• Identify the tasks on your dairy farm that may be harmful to your hearing. Consider such tasks as using a chain saw, working near a grain dryer, or operating a tractor – particularly a tractor or other noisy equipment without an enclosed cab. Also look at work performed in your shop with such hand tools as table saws, circular saws or hand drills. And know that working even six feet away from a tractor that is idling in your shop may expose you to noise levels greater than 85 decibels.

• Identify other ways you and your workers may be exposed to noises greater than 85 decibels. For example, do your workers regularly listen to loud music through the headphones of personal music players? Do you or they attend loud concerts? Do you or they use a chain saw at home? Reminder: Even a single exposure to a nearby shotgun blast, dynamite blast or other very loud noise can damage your hearing.

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• Use hearing protection whenever you are exposed to loud noise. Require your workers to do the same. Hearing protection, such as earplugs or protective earmuffs, is available from many sources, including home improvement and farm stores. Have a supply of earmuffs and earplugs on hand and make them available to your employees. Make sure you train your workers in how to properly wear hearing protection.

• Keep hearing protection in a convenient location. Hang earmuffs or canal caps (earplugs attached to a band) on your tractor’s steering wheel. Encourage your workers to put earplugs in their pockets every morning when they grab their cell phones and keys. Don’t keep earplugs on the dashboard of your truck if you won’t be using your truck the rest of the day.

• Limit exposure to loud noises. Ensure that cab doors and windows are kept closed. Train your workers to stay away from noisy equipment if they don’t need to be near it. If your workers must perform noisy tasks, consider rotating them to reduce the amount of time they must spend near loud noise.

• Maintain all equipment and machinery in good repair. Replace any worn, loose or unbalanced machine parts. Keep equipment well-lubricated and maintained. If you notice a loud muffler on your tractor, now is a good time to replace it.

• Train your workers to reduce their risk of hearing loss. Use the information in this article and in the accompanying article, “Resources to assist you.” Make sure they understand that hearing loss is preventable and that once hearing loss has occurred, it cannot be brought back.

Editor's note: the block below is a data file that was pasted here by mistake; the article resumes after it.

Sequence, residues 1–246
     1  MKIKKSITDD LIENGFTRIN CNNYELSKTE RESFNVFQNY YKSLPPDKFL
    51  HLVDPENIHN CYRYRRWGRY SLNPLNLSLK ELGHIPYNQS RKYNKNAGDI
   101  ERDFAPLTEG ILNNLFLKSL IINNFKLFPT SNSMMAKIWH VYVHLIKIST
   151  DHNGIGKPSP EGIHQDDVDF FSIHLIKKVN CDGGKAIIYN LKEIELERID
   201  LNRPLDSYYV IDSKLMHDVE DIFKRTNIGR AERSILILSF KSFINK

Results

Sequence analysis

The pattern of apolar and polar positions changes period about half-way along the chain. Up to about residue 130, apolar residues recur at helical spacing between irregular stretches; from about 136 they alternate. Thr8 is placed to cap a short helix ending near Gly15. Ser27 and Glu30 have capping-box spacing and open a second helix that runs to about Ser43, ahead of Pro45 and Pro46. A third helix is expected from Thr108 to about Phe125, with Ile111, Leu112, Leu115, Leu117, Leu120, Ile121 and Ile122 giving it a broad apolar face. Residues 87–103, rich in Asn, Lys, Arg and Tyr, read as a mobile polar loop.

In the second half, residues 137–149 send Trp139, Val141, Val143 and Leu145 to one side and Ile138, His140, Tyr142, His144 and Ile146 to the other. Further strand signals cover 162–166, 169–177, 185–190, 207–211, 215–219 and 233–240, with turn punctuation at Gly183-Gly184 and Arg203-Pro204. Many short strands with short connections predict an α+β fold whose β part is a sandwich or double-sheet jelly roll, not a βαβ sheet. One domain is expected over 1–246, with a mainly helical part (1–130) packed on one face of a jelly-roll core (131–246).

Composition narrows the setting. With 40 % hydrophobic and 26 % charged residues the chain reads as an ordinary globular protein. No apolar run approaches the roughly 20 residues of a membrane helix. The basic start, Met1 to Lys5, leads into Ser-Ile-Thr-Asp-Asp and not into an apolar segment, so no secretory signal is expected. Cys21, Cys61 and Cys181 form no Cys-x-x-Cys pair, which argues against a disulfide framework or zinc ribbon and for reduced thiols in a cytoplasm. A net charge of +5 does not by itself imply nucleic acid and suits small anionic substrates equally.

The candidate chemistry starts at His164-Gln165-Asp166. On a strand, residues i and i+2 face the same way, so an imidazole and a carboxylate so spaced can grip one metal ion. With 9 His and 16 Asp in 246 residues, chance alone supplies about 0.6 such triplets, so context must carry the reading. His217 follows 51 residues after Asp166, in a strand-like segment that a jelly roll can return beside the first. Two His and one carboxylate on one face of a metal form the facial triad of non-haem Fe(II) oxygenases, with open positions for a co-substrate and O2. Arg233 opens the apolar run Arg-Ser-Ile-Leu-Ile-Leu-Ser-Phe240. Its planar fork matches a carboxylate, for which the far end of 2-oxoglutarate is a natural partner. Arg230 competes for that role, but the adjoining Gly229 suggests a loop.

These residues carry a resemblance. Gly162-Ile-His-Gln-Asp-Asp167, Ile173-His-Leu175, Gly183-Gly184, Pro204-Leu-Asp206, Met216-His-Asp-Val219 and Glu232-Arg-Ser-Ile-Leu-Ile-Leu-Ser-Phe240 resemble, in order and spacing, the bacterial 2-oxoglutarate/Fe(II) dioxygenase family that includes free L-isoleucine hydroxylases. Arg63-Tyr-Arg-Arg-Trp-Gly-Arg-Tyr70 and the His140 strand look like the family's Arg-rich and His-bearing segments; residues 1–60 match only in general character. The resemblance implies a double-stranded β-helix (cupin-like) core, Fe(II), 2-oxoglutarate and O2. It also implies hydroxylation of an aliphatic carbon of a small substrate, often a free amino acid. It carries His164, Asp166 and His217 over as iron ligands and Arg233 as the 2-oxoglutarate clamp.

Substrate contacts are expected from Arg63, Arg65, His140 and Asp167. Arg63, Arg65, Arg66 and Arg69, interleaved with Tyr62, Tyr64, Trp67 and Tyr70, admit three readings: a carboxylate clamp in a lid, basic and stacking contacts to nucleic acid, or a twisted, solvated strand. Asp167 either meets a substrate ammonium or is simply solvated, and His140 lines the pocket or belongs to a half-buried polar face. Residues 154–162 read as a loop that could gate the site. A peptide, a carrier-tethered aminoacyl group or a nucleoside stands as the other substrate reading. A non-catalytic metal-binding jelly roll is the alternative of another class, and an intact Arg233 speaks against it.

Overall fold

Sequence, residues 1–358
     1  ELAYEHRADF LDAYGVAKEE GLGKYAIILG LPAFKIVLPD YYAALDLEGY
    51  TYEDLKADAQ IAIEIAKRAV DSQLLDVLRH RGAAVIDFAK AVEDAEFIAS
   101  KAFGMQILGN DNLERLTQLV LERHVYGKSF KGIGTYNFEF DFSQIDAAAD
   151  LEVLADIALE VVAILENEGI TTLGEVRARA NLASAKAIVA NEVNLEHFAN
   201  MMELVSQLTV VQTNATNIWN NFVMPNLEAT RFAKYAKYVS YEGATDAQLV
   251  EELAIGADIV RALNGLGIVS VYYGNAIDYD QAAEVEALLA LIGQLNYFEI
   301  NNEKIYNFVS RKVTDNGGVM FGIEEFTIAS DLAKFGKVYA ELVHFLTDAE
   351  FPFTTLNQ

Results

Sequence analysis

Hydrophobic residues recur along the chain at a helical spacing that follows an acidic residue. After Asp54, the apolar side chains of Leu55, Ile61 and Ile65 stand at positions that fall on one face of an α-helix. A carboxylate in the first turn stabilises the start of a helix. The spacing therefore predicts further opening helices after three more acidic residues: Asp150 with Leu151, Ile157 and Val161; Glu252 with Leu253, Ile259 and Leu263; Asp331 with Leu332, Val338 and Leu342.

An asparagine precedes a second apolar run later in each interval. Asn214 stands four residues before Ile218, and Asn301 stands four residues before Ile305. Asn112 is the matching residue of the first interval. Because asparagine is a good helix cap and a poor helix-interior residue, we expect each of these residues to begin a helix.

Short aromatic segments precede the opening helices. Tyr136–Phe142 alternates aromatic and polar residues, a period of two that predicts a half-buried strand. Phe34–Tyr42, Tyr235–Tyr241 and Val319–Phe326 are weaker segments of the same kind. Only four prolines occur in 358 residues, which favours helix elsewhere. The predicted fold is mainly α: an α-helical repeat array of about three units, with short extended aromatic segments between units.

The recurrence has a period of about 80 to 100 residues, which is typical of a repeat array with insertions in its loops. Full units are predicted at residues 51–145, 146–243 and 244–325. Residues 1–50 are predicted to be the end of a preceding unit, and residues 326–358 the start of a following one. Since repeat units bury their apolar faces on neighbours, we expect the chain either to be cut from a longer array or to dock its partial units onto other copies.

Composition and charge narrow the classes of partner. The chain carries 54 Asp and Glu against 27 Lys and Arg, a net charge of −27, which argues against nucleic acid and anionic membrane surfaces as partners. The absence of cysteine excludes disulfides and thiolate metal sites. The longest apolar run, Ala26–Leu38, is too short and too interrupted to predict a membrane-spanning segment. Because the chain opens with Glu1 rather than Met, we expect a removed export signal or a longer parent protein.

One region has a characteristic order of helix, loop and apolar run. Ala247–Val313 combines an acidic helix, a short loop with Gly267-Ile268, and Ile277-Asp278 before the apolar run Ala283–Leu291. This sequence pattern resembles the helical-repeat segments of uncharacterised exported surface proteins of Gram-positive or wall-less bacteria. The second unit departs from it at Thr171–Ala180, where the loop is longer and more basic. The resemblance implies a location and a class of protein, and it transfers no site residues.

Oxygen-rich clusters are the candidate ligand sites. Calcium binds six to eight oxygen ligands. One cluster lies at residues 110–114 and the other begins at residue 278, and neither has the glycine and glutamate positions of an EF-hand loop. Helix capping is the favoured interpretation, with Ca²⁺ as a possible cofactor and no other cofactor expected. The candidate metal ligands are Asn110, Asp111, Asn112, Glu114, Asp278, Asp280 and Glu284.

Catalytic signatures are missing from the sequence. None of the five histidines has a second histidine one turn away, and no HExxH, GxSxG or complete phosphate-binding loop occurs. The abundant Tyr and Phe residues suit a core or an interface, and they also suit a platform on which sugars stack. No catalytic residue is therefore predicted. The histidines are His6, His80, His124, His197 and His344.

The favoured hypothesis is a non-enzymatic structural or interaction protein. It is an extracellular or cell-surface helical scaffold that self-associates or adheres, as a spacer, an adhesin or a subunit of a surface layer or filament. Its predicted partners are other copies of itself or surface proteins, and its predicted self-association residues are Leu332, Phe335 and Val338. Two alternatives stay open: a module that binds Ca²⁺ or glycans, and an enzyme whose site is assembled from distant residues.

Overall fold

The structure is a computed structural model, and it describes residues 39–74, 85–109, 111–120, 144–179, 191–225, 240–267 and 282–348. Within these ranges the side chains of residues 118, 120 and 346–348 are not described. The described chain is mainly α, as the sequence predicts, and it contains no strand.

• Have your hearing tested if you suspect any hearing loss. A health care provider such as an audiologist is a good person to see. Remember that your family members or friends may be the first ones to notice your hearing loss.

Resources to assist you
Many good, free resources are available to assist you and your workers in learning more about noise-induced hearing loss. Among these are the following:

• Two new brochures from the National Institute for Occupational Safety and Health (NIOSH) that are specifically aimed at young farmers. “They’re Your Ears: Protect Them – Hearing Loss Caused by Farm Noise is Preventable,” and “Have You Heard? Hearing Loss Caused by Farm Noise is Preventable: Young Farmers’ Guide for Selecting and Using Hearing Protection” can both be accessed online at www.cdc.gov/niosh/topics/noise/pubs/no_pubs.html . Printed and bulk copies are also available at no cost by e-mailing

• The NIOSH Noise and Hearing Loss Prevention web page. This web page, which can be accessed at www.cdc.gov/niosh/topics/noise , includes links to additional resources.

• Dangerous Decibels, www.dangerousdecibels.org ; the American Tinnitus Association, www.ata.org ; the National Hearing Conservation Association, www.hearingconservation.org ; and Hearing Education and Awareness for Rockers (a non-profit group that educates young people about the dangers of exposure to loud music), www.hearnet.com

• AgriSafe-sponsored webinar entitled “Preventing Hearing Loss in Agriculture,” www.agrisafe.org , then click on “Education,” then on “Archived Sessions.” PD

Barbara Mulhern
President
RB Editorial & Consulting